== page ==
In the case of the “other” question (question #5 in Round 2), the direction is clear. The issues that were ignored will not reappear in Round 3. There were two or three clear “favorites” (wether as benefits or concerns) that will reappear in Round 3. However, with the first four questions (motivation, context, inquiry, and social learning), the participants have provided still more data. Perhaps after I’ve coded the responses the direction will be clear. If I were to predict at this point I would guess that Round 3 might take this form: longer more detailed summaries followed by a question similar to Round 2 number 5 that asks them to take issue with one benefit and/or one concern. That way, what I will be left with is an even better “summary” for the final consensus check, when they will be asked to rate their level of consensus with the final summary. I’ll move forward with this in mind.

8:44 pm – My coding scheme has improved. I now include a two letter sequence before the primary word of the code. The first letter denotes the question topic (such as “m” for motivation) and the second letter denotes the response (such as “b” for benefit). Additional responses are listed below:

b – benefit
c – concern
n – need
i – idea

Researcher’s Log 2008-01-02

Some of my research log cannot be shared here – at least not until the Delphi process is finished. In particular I can’t share the entries about the content of the participants responses. However, here is my latest entry, describing the logistics of the study, which may be of interest to those who may conduct a similar Delphi study or to those interested in the progress of my particular study.

Here is where I stand with my study. I have sent out 71 invitations to participate. Of these, 24 have indicated interest in participating. Only 22 have actually sent in consent forms and received a link to the first round questions. One of these has dropped out. Currently, I have only 11 responses to the first round questionnaire. I have extended the deadline for Round 1 to this Friday due to the holidays. If I receive even one more response, I’ll have what I considered my “minimum” amount. Regardless, despite the fact that responses have varied in quality (of course), there is no question I have plenty of material to proceed with the study.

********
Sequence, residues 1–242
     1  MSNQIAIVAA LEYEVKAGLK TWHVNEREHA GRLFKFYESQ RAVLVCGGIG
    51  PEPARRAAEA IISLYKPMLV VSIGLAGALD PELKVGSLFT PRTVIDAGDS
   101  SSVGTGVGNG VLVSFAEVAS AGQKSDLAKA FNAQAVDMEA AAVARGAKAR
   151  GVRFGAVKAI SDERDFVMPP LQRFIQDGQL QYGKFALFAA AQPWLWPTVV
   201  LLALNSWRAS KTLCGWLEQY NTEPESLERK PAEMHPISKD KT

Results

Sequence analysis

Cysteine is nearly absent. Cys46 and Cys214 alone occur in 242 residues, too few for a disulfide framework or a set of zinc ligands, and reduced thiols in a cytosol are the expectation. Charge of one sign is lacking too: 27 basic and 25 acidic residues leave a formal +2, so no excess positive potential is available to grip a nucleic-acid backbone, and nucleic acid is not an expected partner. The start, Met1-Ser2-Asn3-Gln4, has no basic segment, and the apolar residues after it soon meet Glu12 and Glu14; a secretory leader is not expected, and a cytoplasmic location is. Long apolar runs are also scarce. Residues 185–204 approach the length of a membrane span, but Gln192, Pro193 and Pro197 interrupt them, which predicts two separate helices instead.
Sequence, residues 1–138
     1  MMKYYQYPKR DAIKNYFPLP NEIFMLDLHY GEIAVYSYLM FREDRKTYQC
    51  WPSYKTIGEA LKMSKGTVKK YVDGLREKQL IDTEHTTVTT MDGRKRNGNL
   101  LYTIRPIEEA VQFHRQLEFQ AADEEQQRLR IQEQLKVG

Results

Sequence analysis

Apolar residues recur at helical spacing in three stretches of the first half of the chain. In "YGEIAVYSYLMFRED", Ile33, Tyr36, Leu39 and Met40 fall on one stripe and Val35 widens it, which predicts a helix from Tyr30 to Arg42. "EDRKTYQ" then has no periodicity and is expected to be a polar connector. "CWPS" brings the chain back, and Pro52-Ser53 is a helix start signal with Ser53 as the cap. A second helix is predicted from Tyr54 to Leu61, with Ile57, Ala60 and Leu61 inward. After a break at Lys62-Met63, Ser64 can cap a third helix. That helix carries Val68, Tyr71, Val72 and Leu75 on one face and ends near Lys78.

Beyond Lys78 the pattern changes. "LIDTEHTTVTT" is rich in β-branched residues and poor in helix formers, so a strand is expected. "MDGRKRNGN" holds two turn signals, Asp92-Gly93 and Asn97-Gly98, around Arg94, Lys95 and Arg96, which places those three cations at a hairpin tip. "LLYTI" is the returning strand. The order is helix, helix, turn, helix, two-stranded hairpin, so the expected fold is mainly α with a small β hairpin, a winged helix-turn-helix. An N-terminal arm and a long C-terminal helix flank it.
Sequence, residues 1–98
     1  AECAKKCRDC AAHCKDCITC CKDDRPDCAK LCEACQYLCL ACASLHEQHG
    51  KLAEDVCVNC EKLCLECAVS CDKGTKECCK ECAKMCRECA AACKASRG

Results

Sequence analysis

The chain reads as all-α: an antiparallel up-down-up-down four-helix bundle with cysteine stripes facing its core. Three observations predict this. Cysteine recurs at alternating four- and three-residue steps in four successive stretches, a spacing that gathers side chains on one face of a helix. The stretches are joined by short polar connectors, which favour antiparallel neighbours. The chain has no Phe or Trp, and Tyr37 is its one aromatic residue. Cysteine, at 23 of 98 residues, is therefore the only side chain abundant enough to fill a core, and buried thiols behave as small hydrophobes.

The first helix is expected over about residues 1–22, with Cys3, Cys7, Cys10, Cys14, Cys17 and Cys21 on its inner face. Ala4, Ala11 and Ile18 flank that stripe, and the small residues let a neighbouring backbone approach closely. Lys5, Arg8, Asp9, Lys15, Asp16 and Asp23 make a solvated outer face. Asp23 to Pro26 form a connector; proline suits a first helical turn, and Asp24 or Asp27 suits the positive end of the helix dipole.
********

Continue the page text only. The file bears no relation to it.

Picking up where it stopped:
My preliminary coding process has revealed several topics I did not originally foresee including in Round 2, so the process of beginning with a broad question is working. Also, happily, much of what they have brought up has been related to issues I cut from my literature review during the revisions that shortened my proposal. I expect I may be able to reuse some of that research and material in the discussion of my results in chapters 4 and/or 5.

Once Round 1 has completed on Friday, I plan to complete my analysis and send out Round 2 questions as soon as Monday the 7th or as late as Friday the 11th. This puts me a bit behind schedule (of course), but if I continue to do preliminary analysis as responses come in, I should be able to make up some time between each round.

Thank you again to all of you who offered assistance after my last post. I wish I were able to use more of that. I can’t wait to post the results here and receive open feedback from all of you as well.

Researcher’s Log 2007-12-28